How do I calculate distance between two gps coordinates (using latitude and longitude) ?
Calculate the distance between two coordinates by latitude and longitude, including a Javascript implementation. W and S locations are negative. Remember minutes and seconds are out of 60 so S31 30' is 31.50 degrees. Don't forget to convert degrees to radians. Many languages have this function. Or its a simple calculation: radians = degrees * PI / 180



I. Regarding "Breadcrumbs" method
Below see the function in C which takes #1 and #2 into account:
II. There is an easier way which gives pretty good results. By Average Speed. Trip_distance = Trip_average_speed * Trip_time Since GPS Speed is detected by Doppler effect and is not directly related to [Lon,Lat] it can be at least considered as secondary (backup or correction) if not as main distance calculation method. 


http://www.math.montana.edu/frankw/ccp/cases/GlobalPositioning/sphericalcoordinates/learn.htm This page explains it very clearly. Edit: As pointed out this link is no longer valid. 


Here's a Haversine function in Python that I use:



Java Version of Haversine Algorithm based on Roman Makarov`s reply to this thread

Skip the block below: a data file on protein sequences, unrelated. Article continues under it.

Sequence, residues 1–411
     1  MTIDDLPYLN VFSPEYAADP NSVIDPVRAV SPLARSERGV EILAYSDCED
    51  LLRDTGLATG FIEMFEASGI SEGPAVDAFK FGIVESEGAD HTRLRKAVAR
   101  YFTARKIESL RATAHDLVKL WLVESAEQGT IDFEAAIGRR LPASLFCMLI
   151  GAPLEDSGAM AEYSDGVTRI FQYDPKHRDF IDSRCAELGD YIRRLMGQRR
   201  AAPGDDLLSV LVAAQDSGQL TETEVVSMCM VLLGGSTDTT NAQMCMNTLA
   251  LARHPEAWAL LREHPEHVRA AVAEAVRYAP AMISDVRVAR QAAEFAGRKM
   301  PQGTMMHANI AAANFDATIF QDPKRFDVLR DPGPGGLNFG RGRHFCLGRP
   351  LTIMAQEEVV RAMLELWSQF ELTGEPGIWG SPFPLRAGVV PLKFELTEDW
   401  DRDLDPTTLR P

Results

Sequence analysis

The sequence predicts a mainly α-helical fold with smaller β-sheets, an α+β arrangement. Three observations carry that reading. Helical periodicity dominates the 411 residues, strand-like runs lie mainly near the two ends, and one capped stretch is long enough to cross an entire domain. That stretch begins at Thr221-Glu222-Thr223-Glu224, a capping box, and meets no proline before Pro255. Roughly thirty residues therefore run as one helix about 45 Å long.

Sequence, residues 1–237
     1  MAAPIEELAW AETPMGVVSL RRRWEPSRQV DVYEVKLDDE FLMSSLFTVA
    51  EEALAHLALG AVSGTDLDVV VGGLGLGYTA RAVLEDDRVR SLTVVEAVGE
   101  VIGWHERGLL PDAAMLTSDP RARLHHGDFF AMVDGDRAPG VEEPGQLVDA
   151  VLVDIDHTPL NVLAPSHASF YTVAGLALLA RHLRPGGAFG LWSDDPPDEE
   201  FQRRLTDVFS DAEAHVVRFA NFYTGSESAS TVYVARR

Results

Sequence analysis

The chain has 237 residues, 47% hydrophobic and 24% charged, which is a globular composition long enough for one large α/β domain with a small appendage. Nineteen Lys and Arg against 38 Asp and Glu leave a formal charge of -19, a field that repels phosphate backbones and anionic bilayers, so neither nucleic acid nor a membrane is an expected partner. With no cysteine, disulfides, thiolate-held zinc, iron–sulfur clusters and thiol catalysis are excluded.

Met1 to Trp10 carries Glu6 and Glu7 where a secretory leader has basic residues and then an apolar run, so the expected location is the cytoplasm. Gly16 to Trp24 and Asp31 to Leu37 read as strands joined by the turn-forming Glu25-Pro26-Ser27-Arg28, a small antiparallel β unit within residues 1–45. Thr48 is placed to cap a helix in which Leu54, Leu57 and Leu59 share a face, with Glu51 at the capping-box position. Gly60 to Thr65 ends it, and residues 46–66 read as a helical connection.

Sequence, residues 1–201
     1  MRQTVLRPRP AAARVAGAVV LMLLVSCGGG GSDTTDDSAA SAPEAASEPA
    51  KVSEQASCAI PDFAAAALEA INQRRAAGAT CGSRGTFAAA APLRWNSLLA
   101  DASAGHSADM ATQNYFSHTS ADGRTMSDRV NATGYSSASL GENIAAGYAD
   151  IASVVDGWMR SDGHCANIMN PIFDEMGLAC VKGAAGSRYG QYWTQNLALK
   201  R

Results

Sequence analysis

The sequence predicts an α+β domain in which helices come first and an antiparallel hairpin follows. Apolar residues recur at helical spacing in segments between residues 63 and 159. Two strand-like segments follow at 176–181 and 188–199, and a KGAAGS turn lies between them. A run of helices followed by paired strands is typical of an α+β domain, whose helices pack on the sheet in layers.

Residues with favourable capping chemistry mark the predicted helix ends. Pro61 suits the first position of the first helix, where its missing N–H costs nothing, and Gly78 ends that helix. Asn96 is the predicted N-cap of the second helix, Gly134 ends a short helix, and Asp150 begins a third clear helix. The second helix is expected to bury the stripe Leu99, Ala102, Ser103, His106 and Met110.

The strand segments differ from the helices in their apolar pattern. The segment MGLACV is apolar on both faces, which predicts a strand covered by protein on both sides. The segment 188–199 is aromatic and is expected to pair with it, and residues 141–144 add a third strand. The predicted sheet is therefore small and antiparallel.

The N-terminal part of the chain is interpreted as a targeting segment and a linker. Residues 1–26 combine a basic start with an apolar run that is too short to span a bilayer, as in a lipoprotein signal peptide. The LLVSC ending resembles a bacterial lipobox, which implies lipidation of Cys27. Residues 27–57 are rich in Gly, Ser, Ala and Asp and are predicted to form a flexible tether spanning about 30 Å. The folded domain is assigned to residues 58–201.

If you need something more accurate then have a look at this.



I needed to implement this in PowerShell, hope it can help someone else. Some notes about this method



This is version from "Henry Vilinskiy" adapted for MySQL and Kilometers:



Here is rubygems version  https://rubygems.org/gems/haversine_distance 


C# Version of Haversine



you can find a implementation of this (with some good explanation) in F# on fssnip here are the important parts:



A TSQL function, that I use to select records by distance for a center



// Maybe a typo error ?
should be






Here it is in C# (lat and long in radians):
If your lat and long are in degrees then divide by 180/PI to convert to radians. 


Look for haversine with Google; here is my solution:



This is very easy to do with geography type in SQL Server 2008.
4326 is SRID for WGS84 elipsoidal Earth model 


It depends on how accurate you need it to be, if you need pinpoint accuracy, is best to look at an algorithm with uses an ellipsoid, rather than a sphere, such as Vincenty's algorithm, which is accurate to the mm. http://en.wikipedia.org/wiki/Vincenty%27s_algorithm 


I recently had to do the same thing. I found this website to be very helpful explaining spherical trig with examples that were easy to follow along with. 


This Lua code is adapted from stuff found on Wikipedia and in Robert Lipe's GPSbabel tool:



I guess you want it along the curvature of the earth. Your two points and the center of the earth are on a plane. The center of the earth is the center of a circle on that plane and the two points are (roughly) on the perimeter of that circle. From that you can calculate the distance by finding out what the angle from one point to the other is. If the points are not the same heights, or if you need to take into account that the earth is not a perfect sphere it gets a little more difficult. 


This algorithm is known as the Great Circle distance. 


protected by Community♦ Mar 23 '13 at 8:13
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